Carpio: PH should refuse China’s request for marine research in Philippine Rise
Metro Manila (CNN Philippines, Januaray 15) — “If a bully has squatted on your front yard, and requests to look at your backyard, would you grant the request of the bully?”
Senior Associate Justice Antonio Carpio posed this question in the wake of reports the government granted China’s request “to study the waters off the eastern parts of Luzon.”
Magdalo party list Rep. Gary Alejano said the Department of Foreign Affairs (DFA) approved the request of the Institute of Oceanology of Chinese Academy of Sciences for a marine scientific research in Philippine waters.
Alejano added the project area includes resource-rich Benham Rise, now officially called Philippine Rise after President Duterte renamed it in May 2017.
Philippine Rise is a 13-million hectare undersea plateau that lies 216 kilometers (135 miles) east of coast of Aurora province. The extended continental shelf — as declared by the United Nations — is wider than the island of Luzon.
Both Malacañang and DFA did not confirm nor deny approving a Chinese think tank’s request.
But Carpio pointed out China has squatted on the West Philippine Sea and refuses to leave despite the ruling of the United Nations Convention on the Law of the Sea (UNCLOS) tribunal.
“The Philippines would be dumb (bugok) to grant China’s request,” Carpio said in an e-mail statement to CNN Philippines.
By refusing to accept the award of the UNCLOS arbitral, he explained China is not accepting its obligation under UNCLOS.
“China should not be allowed to enjoy its rights under UNCLOS, like conducting marine scientific research (MSR) in Benham Rise, while it refuses to accept its obligation under the arbitral award. Otherwise, China is cherry picking and not taking UNCLOS as one package deal,” Carpio said.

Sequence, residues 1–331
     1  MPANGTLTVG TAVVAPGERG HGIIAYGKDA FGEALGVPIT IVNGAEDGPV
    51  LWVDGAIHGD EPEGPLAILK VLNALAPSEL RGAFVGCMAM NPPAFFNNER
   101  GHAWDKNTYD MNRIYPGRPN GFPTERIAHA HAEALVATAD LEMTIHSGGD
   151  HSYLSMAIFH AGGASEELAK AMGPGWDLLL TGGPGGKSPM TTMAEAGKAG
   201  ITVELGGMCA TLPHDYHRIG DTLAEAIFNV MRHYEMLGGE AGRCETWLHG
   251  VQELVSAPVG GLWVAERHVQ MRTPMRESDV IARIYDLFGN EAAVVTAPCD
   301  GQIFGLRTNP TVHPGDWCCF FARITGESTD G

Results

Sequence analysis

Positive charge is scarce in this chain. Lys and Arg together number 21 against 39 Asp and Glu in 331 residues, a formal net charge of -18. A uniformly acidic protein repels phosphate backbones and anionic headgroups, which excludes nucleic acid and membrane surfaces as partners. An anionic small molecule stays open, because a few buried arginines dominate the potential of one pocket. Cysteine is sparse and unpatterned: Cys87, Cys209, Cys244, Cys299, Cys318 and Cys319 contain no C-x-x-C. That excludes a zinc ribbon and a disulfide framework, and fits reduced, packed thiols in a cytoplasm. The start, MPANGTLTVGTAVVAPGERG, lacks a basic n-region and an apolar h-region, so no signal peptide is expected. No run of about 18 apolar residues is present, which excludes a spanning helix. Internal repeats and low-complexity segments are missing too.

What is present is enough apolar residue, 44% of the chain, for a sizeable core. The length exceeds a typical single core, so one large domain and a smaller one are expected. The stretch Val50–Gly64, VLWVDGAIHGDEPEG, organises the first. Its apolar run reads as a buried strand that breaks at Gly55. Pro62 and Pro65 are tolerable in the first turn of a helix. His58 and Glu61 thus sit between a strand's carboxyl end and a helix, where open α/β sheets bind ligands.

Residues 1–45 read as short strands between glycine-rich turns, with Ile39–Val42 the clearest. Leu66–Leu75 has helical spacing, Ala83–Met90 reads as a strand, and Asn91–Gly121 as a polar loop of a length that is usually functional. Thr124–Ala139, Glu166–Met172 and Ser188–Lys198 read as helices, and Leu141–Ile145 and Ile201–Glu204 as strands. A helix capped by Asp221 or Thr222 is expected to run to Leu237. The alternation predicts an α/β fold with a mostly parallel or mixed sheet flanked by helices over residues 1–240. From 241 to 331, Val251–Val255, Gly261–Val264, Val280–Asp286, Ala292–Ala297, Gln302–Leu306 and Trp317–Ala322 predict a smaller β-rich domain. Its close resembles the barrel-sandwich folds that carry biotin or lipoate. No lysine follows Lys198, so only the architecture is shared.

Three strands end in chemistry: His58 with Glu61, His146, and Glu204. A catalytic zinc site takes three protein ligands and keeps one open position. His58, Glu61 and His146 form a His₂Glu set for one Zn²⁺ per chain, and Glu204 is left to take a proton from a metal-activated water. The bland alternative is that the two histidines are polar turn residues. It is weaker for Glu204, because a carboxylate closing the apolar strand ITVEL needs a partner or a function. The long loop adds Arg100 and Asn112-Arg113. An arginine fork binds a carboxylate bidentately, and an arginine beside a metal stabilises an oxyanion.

The senior magistrate cited Article 246 of UNCLOS, stating, “Coastal States shall, in normal circumstances, grant their consent for marine scientific research projects by other States.”
“The refusal of China to comply with the arbitral award of the UNCLOS tribunal is not a ‘normal circumstance,’ and thus the Philippines should refuse China’s request for MSR in Benham Rise,” Carpio noted.
Carpio further explained there’s no law regulating MSR in the extended continental shelf (beyond the 200 nautical mile exclusive economic zone) like Benham Rise.
But he said the country having ratified UNCLOS, makes the international convention part of the Philippine legal system.
“Under Article 246 of UNCLOS, the Philippines has an obligation to allow foreign states to conduct MSR in its continental shelf like Benham Rise ‘to increase scientific knowledge of the marine environment for the benefit of all mankind.’ Thus, the results of the MSR must be made known to the whole world,” Carpio added.
The senior magistrate added the marine research of foreign states in Benham Rise is purely for scientific research, and cannot be conducted to explore the mineral resources for purposes of exploitation of these resources.
Carpio pointed out, “Neither the President nor the Foreign Secretary can waive this exclusive sovereign right to a foreign state. To ensure that the foreign state conducting MSR in our extended continental shelf is not exploring for purposes of exploitation, Filipino marine scientists must be on board the foreign research vessels.”